This is not exactly the ideal time of year for it, but barefoot is a joyous state of being for me. That’s why I recently tried barefoot hiking. Well, that and watching the documentary Fantastic Fungi where I learned about the mycelium network underground that allows trees to communicate and share nutrients.
The sensation of walking shoeless on the earth on top of the “woodwide web” felt both grounding and exhilarating. My feet were free to fully feel, and what I felt was pleasure.
This experience has me pondering the idea of pleasure as a sacred act of nourishment. Especially at this time of year when so much seems to be added to the to-do list and a great deal of it feels like obligation.
Why are we so duty-oriented? Because we’re conditioned to believe that pleasure must be earned. We have been told to reward ourselves only after all the hard work is done, to eat all our vegetables so we can have dessert, so to speak. We have also been told a perfectionism lie which plays into a “doing” mentality and a questioning of self-worth when we don’t measure up to an impossible standard. And that makes us feel we must do even more! Aren’t we worthy of pleasure by virtue of being in a body? Yes, we are! We are because we are sacred.
I recently heard a podcast where someone asked the question: Did you choose to be here on earth in this body at this time just so you could get through the day? Or are you here to experience all the juiciness this life has to offer you? I’m choosing the latter!
We’ve been sold the myth that pleasure should somehow make us feel guilty. Is it okay to feel pleasure when so many people are suffering?I believe it is. Guilt is a useless emotion. Just like we need to nourish our bodies with healthy food, water, movement and rest, we must also nourish ourselves with pleasure to be healthy. It’s not a luxury. Research shows experiences that bring us joy trigger the production of neurochemicals that help us better respond to stress and can boost our immune systems. So, if we really want to support those who are suffering, we must partake freely of our own doses of pleasure.
That brings me to two questions: How are you finding pleasure these days? And how are you weaving it into your everyday life? I think it’s important here to be honest with ourselves. If we are binging on things like food, alcohol, weed, tv watching, shopping or scrolling social media we may be feeding an addiction, not filling ourselves with nourishing pleasure. I have often struggled with the difference between pleasure and distraction, which is not necessarily binging, but a lie to myself, nonetheless. One way I tell the difference is by noticing after an activity whether I feel full and satisfied or still somewhat empty.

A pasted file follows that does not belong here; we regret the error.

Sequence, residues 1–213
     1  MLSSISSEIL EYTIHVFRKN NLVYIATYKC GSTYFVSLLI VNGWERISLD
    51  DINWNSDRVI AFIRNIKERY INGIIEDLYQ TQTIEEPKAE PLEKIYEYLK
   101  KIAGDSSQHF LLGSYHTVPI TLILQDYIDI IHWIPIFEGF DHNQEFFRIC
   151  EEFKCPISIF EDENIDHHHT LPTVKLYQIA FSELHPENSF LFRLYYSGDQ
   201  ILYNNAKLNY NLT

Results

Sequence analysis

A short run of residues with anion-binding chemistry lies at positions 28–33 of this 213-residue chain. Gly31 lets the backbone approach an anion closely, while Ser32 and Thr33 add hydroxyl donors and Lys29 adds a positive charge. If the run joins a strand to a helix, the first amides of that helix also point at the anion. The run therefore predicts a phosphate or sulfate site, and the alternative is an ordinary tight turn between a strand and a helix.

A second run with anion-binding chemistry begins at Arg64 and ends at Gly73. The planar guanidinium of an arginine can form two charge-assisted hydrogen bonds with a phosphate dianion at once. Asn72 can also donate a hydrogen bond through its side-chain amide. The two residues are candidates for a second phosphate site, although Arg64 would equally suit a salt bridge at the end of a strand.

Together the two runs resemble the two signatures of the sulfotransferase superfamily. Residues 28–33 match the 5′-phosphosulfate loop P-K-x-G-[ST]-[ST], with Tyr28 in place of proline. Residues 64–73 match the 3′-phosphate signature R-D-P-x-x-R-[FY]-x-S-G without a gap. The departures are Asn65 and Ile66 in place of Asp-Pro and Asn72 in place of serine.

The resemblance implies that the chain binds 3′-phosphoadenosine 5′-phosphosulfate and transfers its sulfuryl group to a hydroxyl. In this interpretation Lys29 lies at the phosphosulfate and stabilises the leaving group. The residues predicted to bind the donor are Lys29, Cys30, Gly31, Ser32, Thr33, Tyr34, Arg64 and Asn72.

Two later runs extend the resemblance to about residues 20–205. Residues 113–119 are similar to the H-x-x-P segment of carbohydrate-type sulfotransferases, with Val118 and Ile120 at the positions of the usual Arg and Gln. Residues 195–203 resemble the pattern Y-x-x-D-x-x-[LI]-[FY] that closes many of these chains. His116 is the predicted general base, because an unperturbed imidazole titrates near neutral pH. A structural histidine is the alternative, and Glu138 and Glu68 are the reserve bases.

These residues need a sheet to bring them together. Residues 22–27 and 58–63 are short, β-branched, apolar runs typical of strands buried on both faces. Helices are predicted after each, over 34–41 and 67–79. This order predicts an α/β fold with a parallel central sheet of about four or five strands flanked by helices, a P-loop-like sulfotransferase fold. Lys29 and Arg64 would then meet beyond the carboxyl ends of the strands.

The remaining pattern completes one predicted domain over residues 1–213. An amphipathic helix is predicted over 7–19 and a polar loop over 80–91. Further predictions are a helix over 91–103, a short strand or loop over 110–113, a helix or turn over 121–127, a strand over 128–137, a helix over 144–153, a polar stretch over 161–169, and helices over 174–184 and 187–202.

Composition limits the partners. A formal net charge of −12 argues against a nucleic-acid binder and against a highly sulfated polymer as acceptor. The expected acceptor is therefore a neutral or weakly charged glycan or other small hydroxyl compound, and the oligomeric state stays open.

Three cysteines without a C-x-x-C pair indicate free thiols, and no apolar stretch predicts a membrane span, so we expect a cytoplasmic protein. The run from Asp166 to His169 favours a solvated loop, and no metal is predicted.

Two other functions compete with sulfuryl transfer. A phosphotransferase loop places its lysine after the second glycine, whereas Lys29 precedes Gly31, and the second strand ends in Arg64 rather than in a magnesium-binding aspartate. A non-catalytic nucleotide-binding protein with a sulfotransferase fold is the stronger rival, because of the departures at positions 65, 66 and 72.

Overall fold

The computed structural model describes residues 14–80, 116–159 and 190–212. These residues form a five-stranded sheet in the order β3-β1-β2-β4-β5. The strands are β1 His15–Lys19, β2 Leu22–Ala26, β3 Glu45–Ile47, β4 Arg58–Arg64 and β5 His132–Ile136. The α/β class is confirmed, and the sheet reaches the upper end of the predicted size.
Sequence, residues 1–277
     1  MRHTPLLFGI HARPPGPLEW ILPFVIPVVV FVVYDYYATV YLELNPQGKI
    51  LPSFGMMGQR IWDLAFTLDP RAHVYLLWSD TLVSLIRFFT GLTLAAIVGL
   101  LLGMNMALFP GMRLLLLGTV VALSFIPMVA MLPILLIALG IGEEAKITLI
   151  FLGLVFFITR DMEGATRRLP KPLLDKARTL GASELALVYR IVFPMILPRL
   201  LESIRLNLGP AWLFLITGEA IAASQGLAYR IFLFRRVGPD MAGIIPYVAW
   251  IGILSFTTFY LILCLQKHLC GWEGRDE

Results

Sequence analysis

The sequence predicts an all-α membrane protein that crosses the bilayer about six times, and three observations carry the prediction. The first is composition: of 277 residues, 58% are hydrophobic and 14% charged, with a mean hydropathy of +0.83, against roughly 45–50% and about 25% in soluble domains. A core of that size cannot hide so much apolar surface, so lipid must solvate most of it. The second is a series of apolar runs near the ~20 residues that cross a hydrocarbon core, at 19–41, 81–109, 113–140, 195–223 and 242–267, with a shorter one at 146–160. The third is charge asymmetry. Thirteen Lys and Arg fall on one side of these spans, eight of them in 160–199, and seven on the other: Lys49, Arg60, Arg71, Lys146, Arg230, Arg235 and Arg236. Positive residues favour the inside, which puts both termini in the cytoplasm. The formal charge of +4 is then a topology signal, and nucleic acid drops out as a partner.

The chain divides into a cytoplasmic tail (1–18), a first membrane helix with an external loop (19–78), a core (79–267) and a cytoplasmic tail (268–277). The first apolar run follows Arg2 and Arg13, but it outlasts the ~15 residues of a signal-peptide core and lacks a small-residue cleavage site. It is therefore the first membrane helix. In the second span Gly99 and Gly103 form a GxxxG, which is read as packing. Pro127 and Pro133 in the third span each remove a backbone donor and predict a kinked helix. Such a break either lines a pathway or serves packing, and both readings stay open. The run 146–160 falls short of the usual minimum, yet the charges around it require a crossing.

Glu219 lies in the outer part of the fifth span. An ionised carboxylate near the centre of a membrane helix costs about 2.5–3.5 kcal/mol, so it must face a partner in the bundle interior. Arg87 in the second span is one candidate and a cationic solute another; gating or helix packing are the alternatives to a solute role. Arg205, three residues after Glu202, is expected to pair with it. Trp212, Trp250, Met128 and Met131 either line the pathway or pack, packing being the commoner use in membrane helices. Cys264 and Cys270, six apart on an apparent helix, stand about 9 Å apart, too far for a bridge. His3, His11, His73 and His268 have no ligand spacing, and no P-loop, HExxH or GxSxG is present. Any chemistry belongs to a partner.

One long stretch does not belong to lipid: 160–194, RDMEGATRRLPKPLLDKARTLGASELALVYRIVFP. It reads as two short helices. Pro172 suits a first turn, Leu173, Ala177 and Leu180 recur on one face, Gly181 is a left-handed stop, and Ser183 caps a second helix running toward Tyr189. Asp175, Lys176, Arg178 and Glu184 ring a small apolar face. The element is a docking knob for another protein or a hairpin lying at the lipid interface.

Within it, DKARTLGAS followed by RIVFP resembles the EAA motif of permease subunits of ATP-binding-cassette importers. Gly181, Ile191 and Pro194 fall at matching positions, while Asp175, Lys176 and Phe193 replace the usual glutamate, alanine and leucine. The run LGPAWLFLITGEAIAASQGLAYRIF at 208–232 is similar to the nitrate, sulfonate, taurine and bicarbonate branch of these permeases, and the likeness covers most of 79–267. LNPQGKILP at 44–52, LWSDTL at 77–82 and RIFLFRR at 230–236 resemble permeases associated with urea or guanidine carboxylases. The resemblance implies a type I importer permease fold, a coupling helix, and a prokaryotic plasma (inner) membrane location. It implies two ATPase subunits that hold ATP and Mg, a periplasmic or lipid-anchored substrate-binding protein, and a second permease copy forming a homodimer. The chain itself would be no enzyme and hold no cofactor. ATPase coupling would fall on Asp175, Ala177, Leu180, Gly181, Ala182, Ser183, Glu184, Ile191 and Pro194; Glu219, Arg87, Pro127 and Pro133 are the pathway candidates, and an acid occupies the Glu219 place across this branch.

This chaotic time we’re in has taught to value the simple pleasures–a walk in the woods, a chat with a friend, a slow deep breath. I’ve realized these humble moments are really the most pleasurable of all. And after many years, I have finally figured out that no one is going to present pleasure to me on a silver platter! It’s my responsibility to nourish myself.
As I was hiking my first-ever half mile barefoot, I discovered something important about pleasure. It requires presence. You can’t feel pleasure if your mind is lingering in the past or wandering into the future. You must be right here, right now, to feel it.
And something else. Pleasure often gets mixed right in there with pain. And maybe that helps us appreciate the pleasure all the more. My feet were cold at first. My balance was kind of wonky. I even stepped on some sharp rocks. But the delicious sensation of soft dirt above the mycelium and between my liberated toes was so, so nourishing.
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